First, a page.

If you come to a great difficulty, like a big mountain in Nepal that looks like it has no passageway, you will know there is a way to get through. Even a hundred-day sesshin is not difficult. Even though you die, nothing happens. It is okay. So you are always happy, and you will not be discouraged. And the kind of life you choose will be different. Before you have right practice, you may want want something big and beautiful: the number-one Zen-practice monastery in the United States, in the world - even better than in Japan. But afterwards, the things you choose and the way of life you follow will be different.

 

Sometimes I give pretty serious lectures. I put emphasis on difficult, hard practice: "Don't expect the next moment." "Dont't move!" I am sorry, but I have to say this because your practice looks so weak, and I want to make you stronger. Actually, it is okay that your practice is not so good, but if you are not strict enough with yourself, and if you lack confidence, then zazen cannot be zazen. It doesn't work. What makes your practice go deeper and deeper is the day-by-day effort of sitting.

 

In China and Japan there are many stories of teachers who attained enlightenment suddenly like this: "Umph!" [laughs and snaps his fingers] You may think it was sudden, but actually it was the result of many years of practice and of failing many times. Dogen Zenji's famous words concerning this are, "Hitting the mark is the result of ninety-nine failures." The last arrow hit the mark, but only after ninety-nine failures. So failure is actually okay.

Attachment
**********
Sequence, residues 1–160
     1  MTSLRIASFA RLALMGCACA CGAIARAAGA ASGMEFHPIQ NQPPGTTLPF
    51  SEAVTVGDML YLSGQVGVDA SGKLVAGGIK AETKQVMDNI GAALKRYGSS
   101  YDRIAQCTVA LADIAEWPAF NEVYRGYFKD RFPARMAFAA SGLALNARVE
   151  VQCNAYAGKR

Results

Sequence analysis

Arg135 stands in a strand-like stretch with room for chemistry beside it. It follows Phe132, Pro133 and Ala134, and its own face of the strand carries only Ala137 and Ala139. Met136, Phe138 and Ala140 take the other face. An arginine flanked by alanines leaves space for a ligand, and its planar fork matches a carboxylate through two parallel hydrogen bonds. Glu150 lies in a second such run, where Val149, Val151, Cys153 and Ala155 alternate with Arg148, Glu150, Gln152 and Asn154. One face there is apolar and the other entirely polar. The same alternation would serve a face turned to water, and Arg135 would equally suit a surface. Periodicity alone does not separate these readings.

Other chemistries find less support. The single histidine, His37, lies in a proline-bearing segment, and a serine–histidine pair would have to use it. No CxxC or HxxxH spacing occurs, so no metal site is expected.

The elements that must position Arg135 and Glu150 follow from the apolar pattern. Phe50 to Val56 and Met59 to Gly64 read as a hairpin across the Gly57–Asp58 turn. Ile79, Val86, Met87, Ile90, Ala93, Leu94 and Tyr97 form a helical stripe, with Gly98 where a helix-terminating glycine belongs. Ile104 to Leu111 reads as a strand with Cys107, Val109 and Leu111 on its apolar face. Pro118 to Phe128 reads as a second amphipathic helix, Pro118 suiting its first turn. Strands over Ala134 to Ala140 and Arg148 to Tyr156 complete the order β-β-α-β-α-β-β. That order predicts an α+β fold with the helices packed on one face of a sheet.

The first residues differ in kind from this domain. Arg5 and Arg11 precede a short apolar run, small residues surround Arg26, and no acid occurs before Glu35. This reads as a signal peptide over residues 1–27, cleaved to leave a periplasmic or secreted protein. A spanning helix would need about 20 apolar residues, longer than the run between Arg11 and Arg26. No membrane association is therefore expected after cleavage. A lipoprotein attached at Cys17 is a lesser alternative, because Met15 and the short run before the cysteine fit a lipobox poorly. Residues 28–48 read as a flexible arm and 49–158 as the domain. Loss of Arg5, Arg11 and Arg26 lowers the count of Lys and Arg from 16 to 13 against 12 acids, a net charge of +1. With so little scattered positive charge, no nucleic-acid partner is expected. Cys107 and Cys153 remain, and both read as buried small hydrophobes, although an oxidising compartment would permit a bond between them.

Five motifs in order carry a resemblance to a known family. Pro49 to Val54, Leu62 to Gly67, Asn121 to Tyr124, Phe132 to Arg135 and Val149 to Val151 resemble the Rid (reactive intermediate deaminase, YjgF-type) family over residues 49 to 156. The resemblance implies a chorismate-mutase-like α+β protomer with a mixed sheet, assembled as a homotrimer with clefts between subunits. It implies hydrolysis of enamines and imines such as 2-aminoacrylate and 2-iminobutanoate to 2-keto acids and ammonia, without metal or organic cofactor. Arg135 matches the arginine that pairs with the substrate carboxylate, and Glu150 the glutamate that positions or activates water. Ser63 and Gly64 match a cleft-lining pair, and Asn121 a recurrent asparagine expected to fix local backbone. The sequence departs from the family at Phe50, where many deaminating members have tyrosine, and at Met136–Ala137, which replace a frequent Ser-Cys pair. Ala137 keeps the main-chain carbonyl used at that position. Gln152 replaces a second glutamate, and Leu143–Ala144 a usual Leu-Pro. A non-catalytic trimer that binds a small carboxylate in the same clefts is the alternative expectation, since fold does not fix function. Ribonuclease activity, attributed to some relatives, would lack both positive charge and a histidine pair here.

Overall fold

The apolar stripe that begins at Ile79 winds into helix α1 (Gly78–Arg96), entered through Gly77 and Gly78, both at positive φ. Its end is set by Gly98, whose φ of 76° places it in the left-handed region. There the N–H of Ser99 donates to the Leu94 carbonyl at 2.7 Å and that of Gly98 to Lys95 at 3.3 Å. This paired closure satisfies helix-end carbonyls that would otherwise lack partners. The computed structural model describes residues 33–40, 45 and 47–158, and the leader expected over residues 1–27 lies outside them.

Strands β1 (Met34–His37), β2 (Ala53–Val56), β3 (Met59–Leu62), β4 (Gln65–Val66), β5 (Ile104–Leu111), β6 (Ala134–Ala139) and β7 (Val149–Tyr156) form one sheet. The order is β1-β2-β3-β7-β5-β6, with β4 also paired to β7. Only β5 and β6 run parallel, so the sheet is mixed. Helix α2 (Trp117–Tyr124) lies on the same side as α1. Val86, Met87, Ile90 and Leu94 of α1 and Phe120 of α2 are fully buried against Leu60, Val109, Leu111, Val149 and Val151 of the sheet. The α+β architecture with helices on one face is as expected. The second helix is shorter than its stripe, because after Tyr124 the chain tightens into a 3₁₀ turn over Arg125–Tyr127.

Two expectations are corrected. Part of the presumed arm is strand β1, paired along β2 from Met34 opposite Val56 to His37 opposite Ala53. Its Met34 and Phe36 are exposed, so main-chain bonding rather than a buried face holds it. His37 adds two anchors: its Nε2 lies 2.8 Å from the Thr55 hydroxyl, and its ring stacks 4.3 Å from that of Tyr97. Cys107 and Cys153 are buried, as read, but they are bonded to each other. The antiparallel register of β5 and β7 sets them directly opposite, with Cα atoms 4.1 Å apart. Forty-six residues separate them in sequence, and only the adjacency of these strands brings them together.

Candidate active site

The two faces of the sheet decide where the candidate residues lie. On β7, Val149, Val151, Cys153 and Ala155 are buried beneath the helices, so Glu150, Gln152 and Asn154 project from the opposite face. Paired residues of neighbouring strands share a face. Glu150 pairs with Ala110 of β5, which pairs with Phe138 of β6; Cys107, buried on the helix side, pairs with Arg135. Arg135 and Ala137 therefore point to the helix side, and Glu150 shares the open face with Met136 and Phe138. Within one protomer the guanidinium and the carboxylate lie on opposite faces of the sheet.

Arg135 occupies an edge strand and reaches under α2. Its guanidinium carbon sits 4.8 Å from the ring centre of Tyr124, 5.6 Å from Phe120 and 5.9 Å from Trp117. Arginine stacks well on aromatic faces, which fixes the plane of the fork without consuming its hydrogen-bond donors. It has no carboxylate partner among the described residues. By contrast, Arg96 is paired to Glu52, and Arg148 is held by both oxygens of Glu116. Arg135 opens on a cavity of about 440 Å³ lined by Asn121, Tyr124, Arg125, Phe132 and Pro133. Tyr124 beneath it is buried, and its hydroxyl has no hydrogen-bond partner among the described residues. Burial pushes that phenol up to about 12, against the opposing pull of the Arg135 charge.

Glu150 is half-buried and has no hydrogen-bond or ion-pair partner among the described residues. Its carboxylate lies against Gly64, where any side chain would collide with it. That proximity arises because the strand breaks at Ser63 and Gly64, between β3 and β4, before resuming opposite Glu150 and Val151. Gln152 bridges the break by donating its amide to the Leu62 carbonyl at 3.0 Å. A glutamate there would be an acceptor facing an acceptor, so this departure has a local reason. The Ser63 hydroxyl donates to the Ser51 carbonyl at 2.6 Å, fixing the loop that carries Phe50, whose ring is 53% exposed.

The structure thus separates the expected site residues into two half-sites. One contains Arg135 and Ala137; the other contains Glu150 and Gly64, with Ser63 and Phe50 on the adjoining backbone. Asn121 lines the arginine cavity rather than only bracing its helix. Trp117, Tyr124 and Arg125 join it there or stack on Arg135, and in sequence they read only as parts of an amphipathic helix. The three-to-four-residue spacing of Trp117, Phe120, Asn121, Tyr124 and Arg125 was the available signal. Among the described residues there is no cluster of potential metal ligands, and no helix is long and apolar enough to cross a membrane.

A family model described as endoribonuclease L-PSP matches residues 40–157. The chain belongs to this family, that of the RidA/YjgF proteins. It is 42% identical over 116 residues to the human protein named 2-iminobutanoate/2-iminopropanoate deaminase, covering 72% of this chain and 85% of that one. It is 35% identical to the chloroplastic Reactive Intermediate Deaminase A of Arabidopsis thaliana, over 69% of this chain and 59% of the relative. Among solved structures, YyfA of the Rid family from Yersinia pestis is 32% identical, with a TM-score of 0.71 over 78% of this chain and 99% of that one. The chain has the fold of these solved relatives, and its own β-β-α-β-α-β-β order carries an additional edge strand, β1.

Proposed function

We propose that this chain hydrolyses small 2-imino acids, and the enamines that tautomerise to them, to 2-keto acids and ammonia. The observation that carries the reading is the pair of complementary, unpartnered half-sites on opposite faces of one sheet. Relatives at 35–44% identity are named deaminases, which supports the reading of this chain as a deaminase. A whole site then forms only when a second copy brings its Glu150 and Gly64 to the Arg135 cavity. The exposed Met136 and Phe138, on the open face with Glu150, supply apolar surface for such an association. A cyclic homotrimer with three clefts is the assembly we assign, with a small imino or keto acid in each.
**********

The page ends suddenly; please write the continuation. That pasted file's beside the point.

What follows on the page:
Each time you shoot, shoot with confidence. Then you are sure to hit the mark. "Ninety-nine failures are okay. I will continue to try to hit the mark." Each time you sit, do your best. You may think that zazen is crossing your legs for forty minutes, but the most important point is to put all your effort, physical and spiritual, into it.

 

Concentrate on your breath. When your breathing is not appropriate, it is hard to do any physical work. Even when you sew, your breathing should follow your activity. When you lift something heavy, your breathing should be completely harmonized, or else you cannot lift it. You will need a good posture and a good mudra because your mudra is a symbol of your mental state. If your spine is not straight, your breathing will be not deep enough. Of course, it takes time to develop all your mental and physical effort.

 

Enlightenment does not come until your mind and body are in perfect accord. If you cannot accept your experience, you won't feel you have enlightenment. In other words, when your mind and body are completely one, then enlightenment is there. Whatever you hear, whatever you think, that is enlightenment. So it is not the sound of a stone hitting bamboo or the color of plum blossoms that makes people enlightened. It is their practice. In your everyday life you always have opportunities for enlightenment. If you go to the rest room, there is a chance to enlightenment. When you cook, there is a chance to attain enlightenment. When you clean the floor, there is a chance to attain enlightenment.

 

So whatever you do, just do it, without expecting anyone's help. Don't spoil your effort by seeking for shelter. Protect yourself and grow upright to the sky; that's all. That's all, but it is a little bit unusual, isn't it? Maybe we are crazy. Some people think that we are crazy, and we may think they are crazy. It's okay. We will find out pretty soon who is crazy.

 

Thank you very much.